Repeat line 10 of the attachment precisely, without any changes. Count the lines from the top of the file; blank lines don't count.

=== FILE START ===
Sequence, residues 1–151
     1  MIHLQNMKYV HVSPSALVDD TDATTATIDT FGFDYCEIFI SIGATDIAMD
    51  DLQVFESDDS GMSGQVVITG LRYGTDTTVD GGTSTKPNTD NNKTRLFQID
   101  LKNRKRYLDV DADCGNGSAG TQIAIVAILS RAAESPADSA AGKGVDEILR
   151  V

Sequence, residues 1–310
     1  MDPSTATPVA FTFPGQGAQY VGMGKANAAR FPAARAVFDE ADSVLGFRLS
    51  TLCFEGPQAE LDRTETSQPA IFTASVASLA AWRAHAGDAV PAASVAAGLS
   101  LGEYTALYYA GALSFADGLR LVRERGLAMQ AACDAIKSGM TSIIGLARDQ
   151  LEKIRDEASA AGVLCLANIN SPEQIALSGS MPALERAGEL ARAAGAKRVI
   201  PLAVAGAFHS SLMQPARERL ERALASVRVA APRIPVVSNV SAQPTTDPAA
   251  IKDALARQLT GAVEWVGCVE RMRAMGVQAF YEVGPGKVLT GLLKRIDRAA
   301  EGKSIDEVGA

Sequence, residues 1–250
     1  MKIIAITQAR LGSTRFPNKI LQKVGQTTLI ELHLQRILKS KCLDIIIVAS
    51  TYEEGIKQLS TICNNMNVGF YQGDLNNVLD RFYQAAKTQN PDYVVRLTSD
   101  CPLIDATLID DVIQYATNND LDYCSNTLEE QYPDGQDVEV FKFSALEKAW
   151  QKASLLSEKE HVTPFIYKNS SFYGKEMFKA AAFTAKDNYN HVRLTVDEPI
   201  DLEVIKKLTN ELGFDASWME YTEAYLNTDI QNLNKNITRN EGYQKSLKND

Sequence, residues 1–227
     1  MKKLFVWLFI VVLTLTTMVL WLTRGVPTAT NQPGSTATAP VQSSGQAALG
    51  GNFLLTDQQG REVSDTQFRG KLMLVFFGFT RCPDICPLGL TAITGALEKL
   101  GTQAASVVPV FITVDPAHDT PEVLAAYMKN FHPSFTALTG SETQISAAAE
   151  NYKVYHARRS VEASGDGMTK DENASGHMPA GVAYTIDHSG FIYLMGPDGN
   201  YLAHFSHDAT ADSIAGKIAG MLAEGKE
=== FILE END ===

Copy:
   151  LEKIRDEASA AGVLCLANIN SPEQIALSGS MPALERAGEL ARAAGAKRVI